Thankfully, Katika’s intestinal distress is gone. I have no idea what caused it. I kept remembering David, my vet, saying last spring when Birch colicked that sometimes old horses colic “for no reason” when the weather changes. This sounded fishy to me then and still seems unlikely — there must be a reason, logic insists — but perhaps it’s the same for old cows. Our weather certainly has been changeable recently. Yesterday it was 14° F and the ground was corrugated iron, the muddy ridges in the driveway frozen into place like sculpted waves. Today and tomorrow it is due to be in the high 40s and 50s with heavy rain.
Last night at evening chores when I let all the animals into the barn I noticed as Katika swung past me that her udder was flat and empty. What? I turned to look at Rocky, her six-month-old steer calf. Had he broken his weaning ring? No, there it was in his nose. He had his face in his dinner hay and looked up at me mildly, chewing.
I got my clue when little Duke galloped up and down the barn aisle, kicking happily, instead of hurrying immediately to Katika for dinner when her stanchion was locked. He was not ravenous, as foster calves always are when mealtime finally arrives. In fact Duke had no interest in dinner at all. He cavorted and caracoled, only pausing to “kill” a hay bale, bashing it with his tiny head and falling to his knees to finish it off. Take that, dastardly bale!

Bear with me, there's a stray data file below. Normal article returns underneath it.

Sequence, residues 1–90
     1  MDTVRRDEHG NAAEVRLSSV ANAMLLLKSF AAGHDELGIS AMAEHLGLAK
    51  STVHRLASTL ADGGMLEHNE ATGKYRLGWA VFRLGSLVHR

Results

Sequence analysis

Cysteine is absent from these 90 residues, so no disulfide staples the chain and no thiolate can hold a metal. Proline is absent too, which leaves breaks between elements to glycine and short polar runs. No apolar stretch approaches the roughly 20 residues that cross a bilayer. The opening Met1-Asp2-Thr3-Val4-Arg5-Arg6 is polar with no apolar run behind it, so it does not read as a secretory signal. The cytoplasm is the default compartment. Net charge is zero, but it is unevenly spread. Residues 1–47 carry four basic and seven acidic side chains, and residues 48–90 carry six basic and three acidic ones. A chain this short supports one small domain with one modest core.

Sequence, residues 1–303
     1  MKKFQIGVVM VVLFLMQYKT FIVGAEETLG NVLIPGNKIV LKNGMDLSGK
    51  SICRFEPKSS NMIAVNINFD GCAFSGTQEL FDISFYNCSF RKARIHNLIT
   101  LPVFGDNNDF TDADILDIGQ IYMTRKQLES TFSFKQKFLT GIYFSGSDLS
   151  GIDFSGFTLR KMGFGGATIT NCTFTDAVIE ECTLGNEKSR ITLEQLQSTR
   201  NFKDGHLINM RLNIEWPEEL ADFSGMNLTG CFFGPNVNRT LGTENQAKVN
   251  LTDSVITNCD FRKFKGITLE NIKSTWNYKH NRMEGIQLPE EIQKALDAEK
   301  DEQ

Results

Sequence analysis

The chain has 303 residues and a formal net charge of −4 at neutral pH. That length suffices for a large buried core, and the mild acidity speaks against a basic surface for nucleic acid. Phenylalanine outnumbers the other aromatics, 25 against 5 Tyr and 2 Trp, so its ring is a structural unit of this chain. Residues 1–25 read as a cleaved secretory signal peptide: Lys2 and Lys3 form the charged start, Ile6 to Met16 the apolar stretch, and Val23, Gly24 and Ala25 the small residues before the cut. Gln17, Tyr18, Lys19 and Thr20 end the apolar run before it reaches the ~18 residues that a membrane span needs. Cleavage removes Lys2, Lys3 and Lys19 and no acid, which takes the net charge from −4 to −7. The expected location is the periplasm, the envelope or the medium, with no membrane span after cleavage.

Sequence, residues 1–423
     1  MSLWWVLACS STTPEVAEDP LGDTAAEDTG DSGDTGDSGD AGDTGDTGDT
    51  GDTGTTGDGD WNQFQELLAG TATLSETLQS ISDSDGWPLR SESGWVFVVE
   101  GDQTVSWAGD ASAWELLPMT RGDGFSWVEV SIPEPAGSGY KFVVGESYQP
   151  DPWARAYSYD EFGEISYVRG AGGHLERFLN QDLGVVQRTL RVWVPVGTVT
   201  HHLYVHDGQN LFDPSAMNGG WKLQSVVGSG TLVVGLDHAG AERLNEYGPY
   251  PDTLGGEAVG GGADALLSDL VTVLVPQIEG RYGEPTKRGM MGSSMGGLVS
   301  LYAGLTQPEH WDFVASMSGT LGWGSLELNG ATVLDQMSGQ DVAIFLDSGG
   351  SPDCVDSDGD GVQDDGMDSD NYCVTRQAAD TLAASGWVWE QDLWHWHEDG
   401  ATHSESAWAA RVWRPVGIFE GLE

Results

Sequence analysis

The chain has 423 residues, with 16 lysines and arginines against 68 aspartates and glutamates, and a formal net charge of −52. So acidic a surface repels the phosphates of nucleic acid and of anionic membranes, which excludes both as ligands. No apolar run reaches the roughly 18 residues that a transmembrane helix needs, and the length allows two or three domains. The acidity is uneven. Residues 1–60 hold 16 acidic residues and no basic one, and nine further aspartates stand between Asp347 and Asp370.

My goodness! Obviously Katika must be allowing Duke to nurse in the barn paddock. What a change! I had noticed that she was softening but never, ever has she allowed a foster calf to suckle unless she was firmly held in her stanchion. I can’t quite understand what has brought about her new attitude. It’s certainly not deep affection. She will still toss Duke out of her way impatiently if he’s underfoot.
Perhaps kicking him off her bag all day long is just too much trouble for an old dame.